N. Wayne Hale, Jr.
Former Space Shuttle Program Manager and Flight Director
In recognition of his exceptional contributions as a NASA engineer and manager, especially in increasing the safety of the space shuttle program
If you remember the role Ed Harris played in the movie “Apollo 13,” you can easily picture what Wayne Hale did while serving as a flight director at NASA. For 15 years, Hale oversaw flights in Mission Control, and if things went wrong, he helped lead the team that came up with a solution.
“On one mission, rainwater had gotten into one of the hydraulic systems and we were afraid it was going to turn to ice,” Hale says. “We had to prepare for not having full hydraulics for the landing. This also meant the shuttle couldn’t take much wind, so we had to make sure we chose a calm day for the landing.”
Hale supported 41 space shuttle missions during his time in the Flight Director Office – a period he calls the highlight of his more than three decades at NASA. Missions involved periods of intense activity as well as long stretches of quiet. They also involved dealing with cultural differences.
“You have to be somewhat of a diplomat,” says Hale. “Seventeen different countries are involved in the international space program. I remember on one mission there were Americans, Russians, Canadians and Japanese. It was an interesting experience.”
Hale notes that by the late 1990s, the space shuttle had been around long enough that staff began to view it as a known quantity with no surprises in store. The Columbia disaster in 2003 served as a wake-up call. Shortly after the tragedy, Hale was one of the leaders tasked with improving NASA’s safety culture.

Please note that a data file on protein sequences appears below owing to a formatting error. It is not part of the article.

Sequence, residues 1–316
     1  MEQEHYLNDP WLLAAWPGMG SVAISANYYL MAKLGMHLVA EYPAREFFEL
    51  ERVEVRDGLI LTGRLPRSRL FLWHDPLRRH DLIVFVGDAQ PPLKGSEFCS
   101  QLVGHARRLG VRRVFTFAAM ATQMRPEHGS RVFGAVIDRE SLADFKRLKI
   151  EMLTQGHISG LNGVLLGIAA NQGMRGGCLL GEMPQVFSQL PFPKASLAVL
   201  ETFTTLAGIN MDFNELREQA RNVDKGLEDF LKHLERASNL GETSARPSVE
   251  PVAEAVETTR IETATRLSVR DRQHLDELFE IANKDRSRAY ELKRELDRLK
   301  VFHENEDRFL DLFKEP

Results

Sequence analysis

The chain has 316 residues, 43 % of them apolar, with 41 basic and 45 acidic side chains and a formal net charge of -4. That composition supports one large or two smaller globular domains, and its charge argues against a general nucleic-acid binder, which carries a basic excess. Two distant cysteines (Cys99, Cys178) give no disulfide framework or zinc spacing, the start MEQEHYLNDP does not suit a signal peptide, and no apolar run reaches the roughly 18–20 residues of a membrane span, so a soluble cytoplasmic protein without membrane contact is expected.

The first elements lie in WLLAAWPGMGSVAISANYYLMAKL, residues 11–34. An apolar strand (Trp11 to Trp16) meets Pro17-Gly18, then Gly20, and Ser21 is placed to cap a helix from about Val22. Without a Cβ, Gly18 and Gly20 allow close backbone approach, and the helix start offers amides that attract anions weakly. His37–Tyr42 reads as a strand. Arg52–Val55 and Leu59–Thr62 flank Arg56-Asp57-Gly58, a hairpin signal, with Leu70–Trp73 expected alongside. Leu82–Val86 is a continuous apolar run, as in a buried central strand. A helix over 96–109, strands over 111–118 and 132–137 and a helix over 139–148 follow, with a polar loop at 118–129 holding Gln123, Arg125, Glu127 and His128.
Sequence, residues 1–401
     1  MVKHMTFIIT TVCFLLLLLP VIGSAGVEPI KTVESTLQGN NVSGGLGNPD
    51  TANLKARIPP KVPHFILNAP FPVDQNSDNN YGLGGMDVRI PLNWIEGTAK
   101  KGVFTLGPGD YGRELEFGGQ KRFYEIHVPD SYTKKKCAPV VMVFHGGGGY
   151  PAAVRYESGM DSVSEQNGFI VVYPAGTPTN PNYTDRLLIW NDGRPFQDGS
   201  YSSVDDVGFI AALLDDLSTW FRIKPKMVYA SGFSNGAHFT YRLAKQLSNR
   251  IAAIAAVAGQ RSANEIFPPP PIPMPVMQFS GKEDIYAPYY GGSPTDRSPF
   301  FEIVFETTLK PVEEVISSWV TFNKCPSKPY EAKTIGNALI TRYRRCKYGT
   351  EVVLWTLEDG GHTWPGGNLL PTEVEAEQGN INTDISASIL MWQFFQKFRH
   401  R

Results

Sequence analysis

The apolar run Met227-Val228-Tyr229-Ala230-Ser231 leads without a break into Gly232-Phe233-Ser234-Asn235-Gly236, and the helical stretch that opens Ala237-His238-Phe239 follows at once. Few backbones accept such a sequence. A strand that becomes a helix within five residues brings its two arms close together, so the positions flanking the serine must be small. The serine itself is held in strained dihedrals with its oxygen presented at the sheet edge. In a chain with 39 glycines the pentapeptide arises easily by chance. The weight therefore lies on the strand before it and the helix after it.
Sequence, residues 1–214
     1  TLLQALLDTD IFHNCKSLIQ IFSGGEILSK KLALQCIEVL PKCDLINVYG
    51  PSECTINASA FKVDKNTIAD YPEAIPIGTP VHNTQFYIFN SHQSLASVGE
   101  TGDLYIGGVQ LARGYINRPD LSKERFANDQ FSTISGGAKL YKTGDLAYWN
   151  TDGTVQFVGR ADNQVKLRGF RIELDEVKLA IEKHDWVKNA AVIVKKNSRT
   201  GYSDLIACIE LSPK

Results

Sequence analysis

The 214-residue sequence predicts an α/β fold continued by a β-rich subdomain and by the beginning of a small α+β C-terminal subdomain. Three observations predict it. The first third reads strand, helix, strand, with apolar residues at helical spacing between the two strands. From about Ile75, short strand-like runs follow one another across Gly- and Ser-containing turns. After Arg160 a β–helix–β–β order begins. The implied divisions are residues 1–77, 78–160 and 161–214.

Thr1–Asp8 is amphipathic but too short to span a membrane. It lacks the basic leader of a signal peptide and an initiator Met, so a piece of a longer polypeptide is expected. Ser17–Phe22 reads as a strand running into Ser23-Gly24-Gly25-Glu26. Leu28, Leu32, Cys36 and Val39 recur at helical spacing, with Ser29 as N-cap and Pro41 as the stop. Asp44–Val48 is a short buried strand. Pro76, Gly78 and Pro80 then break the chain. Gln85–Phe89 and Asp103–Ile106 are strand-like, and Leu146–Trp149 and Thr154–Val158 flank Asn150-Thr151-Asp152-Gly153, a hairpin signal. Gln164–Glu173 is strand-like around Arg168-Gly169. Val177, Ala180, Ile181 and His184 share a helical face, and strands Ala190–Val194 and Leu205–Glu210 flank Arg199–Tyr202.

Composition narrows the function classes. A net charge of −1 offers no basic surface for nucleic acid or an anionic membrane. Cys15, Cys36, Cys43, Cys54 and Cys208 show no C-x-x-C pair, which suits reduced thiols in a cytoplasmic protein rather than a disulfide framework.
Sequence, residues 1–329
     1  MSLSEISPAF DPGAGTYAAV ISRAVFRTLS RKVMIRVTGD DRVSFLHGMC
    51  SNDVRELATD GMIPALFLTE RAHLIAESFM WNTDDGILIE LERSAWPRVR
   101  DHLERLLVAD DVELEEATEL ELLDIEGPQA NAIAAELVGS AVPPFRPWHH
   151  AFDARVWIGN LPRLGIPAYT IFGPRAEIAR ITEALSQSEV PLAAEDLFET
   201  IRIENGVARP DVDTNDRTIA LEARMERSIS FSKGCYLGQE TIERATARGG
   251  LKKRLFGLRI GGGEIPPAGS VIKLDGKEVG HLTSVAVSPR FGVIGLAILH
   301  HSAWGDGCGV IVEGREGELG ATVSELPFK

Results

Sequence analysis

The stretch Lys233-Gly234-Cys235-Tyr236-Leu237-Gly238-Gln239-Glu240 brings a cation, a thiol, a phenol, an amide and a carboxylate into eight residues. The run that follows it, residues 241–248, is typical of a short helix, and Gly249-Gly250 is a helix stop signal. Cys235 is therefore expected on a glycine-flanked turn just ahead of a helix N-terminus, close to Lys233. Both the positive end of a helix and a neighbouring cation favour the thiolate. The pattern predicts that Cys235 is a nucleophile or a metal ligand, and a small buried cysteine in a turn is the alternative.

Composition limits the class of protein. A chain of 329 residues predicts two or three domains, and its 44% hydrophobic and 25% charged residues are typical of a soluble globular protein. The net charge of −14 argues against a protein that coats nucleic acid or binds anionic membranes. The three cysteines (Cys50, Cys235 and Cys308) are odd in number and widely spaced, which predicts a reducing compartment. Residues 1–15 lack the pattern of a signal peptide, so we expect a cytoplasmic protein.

“We instituted a policy of encouraging dissent, so that people who had concerns would bring them forward,” he says. “We also made our managers begin to listen more than talk, to seek to understand what staff members were saying rather than being dismissive and in a hurry.”
In 2005, Hale became manager of the entire Space Shuttle Program, which had a budget of just over $5 billion and a staff of around 20,000. Hale was charged with safe and efficient management of the program and served in this role for three years.
After such an eventful career, it’s perhaps no surprise that Hale has stayed active since retiring in 2010. His new goal is to help the commercial human space flight industry. He’s currently serving as a consultant to one of the companies in the industry, Special Aerospace Services of Boulder, Colo.
“In my retirement, I intended not to sit in a rocking chair,” he says. “But my schedule is more flexible now. Sometimes I take a day off and take my grandkids to the zoo. It’s a lot of fun.”